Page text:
- When we glimpse the throne room from Margaery's perspective, Loras is chatting with Oberyn. note Did those two men already hook up off-screen, or are they planning to do it soon?
- When Arya is listing the names of people she intends to kill, an irritated Sandor tells her to hurry up and finish so he can sleep. She does so, but not before adding him to the roster. Behind her, he turns his head to look at her, and you can almost hear him thinking "Seriously?"
- Genius Bruiser: Cersei brings up how Oberyn is not only feared throughout the land for his combat prowess, but also for his sharp mind, as evidenced by his knowledge of poisons, the human anatomy, and his poetry.
- The Good King: Cersei notes that Tommen would probably be the first to merit this description in nearly fifty years (which is kind of depressing, when you think about it...)
- The Guards Must Be Crazy: There are no sentries posted by the mutineers and anyone watching the perimeter would be drunk anyways, which is noted to be careless by Locke.
- Hates Being Touched: Invoked by Tywin, given the scowl on his face when he reminisces about Robert Baratheon patting him on the back a lot.
- Hidden Depths:
- Podrick displays some to Brienne when he reveals that he has seen actual combat.
- Oberyn seems willing to open up to Cersei about his grief in losing his sister, knowing how she must feel about Joffrey's death.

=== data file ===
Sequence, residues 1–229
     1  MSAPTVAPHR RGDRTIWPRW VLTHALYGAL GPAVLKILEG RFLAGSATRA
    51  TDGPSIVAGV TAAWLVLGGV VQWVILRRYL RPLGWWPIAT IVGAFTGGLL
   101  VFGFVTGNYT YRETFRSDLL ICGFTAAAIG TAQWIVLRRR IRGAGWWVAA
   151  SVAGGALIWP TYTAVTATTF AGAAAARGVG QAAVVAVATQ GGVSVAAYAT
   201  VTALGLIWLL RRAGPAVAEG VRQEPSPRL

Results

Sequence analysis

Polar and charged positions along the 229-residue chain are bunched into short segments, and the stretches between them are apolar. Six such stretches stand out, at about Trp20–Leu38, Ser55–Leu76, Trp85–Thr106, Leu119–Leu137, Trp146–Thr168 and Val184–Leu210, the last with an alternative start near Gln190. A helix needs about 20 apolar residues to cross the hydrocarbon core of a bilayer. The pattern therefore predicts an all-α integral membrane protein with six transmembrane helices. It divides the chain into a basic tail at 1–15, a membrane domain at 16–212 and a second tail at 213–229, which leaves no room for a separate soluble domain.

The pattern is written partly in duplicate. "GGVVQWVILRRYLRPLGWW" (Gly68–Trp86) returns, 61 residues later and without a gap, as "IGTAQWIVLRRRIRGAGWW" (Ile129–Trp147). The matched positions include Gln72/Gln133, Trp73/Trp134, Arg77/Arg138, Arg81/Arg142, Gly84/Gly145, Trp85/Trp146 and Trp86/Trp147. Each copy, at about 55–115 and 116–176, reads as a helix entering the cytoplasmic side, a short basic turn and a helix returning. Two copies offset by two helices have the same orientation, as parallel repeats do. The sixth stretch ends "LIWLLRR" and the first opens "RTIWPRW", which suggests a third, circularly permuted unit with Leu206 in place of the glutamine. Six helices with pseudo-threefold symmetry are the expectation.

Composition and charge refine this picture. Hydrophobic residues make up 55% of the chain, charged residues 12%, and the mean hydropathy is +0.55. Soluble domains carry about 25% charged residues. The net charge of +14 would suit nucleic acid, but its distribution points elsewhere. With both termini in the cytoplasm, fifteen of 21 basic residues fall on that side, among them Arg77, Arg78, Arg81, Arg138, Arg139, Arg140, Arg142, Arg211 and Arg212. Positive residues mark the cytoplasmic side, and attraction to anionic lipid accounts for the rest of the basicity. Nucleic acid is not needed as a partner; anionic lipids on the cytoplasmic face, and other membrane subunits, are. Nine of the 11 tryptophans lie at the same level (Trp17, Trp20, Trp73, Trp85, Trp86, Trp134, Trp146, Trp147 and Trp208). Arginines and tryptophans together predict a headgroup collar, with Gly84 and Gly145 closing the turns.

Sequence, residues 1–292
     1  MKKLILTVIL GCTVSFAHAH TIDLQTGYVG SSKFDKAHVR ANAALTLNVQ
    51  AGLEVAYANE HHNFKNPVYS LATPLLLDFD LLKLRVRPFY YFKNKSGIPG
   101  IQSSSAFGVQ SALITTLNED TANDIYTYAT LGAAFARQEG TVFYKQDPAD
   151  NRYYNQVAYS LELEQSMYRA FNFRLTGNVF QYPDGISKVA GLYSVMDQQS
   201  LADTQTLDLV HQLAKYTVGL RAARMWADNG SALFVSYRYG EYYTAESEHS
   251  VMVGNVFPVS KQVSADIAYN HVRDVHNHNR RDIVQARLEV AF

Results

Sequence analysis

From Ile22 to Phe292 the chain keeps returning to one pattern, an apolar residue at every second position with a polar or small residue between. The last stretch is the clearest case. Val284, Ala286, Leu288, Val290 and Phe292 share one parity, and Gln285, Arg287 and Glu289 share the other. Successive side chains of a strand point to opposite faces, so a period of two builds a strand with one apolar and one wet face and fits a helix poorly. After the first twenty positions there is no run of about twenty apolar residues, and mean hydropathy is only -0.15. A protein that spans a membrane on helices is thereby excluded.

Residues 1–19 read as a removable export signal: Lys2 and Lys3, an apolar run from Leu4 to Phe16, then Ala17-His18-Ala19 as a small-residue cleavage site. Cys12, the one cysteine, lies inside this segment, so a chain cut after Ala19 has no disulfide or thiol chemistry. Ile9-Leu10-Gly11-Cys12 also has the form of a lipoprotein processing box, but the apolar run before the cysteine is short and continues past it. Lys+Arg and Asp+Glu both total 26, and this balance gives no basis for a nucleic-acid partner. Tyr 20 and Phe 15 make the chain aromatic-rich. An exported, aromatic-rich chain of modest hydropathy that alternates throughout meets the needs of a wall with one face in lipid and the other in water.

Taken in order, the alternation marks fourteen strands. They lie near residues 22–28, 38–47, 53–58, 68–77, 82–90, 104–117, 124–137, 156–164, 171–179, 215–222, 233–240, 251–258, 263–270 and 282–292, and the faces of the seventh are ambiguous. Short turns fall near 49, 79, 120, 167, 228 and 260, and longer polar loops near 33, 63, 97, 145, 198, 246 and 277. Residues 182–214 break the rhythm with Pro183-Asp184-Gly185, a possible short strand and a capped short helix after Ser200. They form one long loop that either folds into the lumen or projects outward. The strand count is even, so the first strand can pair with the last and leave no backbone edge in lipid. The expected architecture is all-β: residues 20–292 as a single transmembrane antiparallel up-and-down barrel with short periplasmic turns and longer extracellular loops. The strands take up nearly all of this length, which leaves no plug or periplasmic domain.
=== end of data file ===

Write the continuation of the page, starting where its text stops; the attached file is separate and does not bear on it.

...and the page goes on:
- I Choose to Stay: Daenerys now has the means to sail to King's Landing and sack it if she so desired, but instead chooses to deal with the mess she's made in Slaver's Bay first because she values her new subjects.
- Idiot Ball: The Night's Watch team's reaction to finding Locke's corpse is negligently weak (amounting to them barely wondering how did it happen). They don't know it was Bran!Hodor, so they should have been at the very least alert against another possible enemy in the woods waiting to attack them, as it had "killed" Locke. With this in mind, they also shouldn't have just let Craster's wives go their own way so easily, either.
- The Immodest Orgasm: Lysa proudly says she plans to make love to her husband so loudly that they can hear her in Essos; she delivers on her promise. Poor Sansa.
- Impaled with Extreme Prejudice: Jon stabs Karl from behind, driving Longclaw through the back of his skull until half the blade's length is protruding from his mouth.